Scotiabank suspends Hockey Canada sponsorship amid scandal

Bank cancels August World Junior Championship events and rearranges funding

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The Bank of Nova Scotia is suspending its sponsorship deal with Hockey Canada in response to sexual assault allegations that have embroiled the national sports board in a scandal.

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In an open letter, Scotiabank CEO Brian Porter described the country’s national sport as an activity that brings communities together and enshrines Canadian values.

“That’s why, like so many of you, I was shocked by recent reports of alleged attacks involving younger ambassadors of the Canadian game. The alleged conduct in this current case is contrary to the beliefs and values ​​that hockey must embody and that we defend at Scotiabank,” Porter said.

By suspending its sponsorship, the bank is canceling all of Scotiabank’s marketing and events during the upcoming World Junior Championships in August, Porter said. It will also channel funds earmarked for the world’s juniors into other programs, including the Hockey Canada Assist Fund for Underserved Youth and the Women’s World Championship.

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“Today we have made the decision to suspend our sponsorship of Hockey Canada until we are confident that the right steps are being taken to improve the culture within the sport – both on and off the ice.”

Other Hockey Canada sponsors have also commented on the controversy. A spokesman for Imperial Oil Ltd., owner of Esso service stations, said the company is “concerned about the recent allegations”.

“We are paying close attention to this issue as it evolves and have communicated our expectations to Hockey Canada that concrete steps must be taken immediately to address security concerns and ensure rapid culture change,” Keri Scobie said in an email.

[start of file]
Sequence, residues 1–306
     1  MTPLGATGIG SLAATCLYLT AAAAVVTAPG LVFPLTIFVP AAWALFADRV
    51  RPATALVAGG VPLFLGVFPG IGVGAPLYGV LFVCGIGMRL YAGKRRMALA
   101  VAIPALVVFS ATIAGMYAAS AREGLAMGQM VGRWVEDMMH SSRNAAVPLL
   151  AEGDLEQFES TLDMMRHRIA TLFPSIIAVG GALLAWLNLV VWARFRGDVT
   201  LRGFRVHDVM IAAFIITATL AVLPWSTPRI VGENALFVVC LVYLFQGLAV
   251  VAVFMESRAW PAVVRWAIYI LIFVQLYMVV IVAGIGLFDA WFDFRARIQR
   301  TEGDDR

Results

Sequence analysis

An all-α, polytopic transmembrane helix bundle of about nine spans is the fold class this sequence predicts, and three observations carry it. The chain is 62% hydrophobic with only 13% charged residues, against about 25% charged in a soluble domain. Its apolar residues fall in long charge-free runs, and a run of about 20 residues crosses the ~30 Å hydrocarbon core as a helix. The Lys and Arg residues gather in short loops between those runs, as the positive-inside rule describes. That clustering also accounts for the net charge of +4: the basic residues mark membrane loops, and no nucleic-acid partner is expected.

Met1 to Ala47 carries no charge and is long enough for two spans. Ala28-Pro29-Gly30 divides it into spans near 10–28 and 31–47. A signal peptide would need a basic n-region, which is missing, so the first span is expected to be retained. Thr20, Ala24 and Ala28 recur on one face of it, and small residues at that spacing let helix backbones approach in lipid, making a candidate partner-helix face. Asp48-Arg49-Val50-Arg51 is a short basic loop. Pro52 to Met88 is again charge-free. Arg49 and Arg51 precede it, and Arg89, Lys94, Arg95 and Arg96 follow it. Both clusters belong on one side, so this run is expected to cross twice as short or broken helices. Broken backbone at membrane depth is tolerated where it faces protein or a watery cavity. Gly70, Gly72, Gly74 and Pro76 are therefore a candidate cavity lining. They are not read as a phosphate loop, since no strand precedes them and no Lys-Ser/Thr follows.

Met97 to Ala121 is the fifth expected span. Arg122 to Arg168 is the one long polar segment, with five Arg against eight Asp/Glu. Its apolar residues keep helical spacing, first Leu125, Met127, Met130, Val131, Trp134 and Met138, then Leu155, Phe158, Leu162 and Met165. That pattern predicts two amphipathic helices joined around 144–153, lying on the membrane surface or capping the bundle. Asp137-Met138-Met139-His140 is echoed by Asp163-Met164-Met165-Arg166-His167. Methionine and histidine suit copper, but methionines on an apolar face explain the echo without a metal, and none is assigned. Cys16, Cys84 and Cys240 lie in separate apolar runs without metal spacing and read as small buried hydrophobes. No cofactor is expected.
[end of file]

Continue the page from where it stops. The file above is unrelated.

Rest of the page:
“At the same time, our organization remains committed to supporting the Canadian hockey community and grassroots youth programs across the country, as we have done for over 40 years.”

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In late May, TSN broke the news that a woman in London, Ontario, reportedly had eight players, including some from the Canadian junior team, sexually assaulted her in June 2018 after a gala event. The woman reportedly filed a lawsuit in April this year, seeking $3.55 million in damages from Hockey Canada, the Canadian Hockey League and the eight unnamed players. Hockey Canada settled the lawsuit out of court for an undisclosed fee.

After the disclosure, Hockey Canada immediately came under fire, and Federal Sports Secretary Pascale St-Onge ordered a forensic audit to determine whether the sports organization used public funds to settle the lawsuit.

Last week MPs called for Hockey Canada CEO Tom Renney and President Scott Smith to testify before a standing committee. At the meeting, Smith said the organization had received two other complaints of sexual assault in recent years.

Two days later, St-Onge announced a freeze on Hockey Canada’s federal funding.

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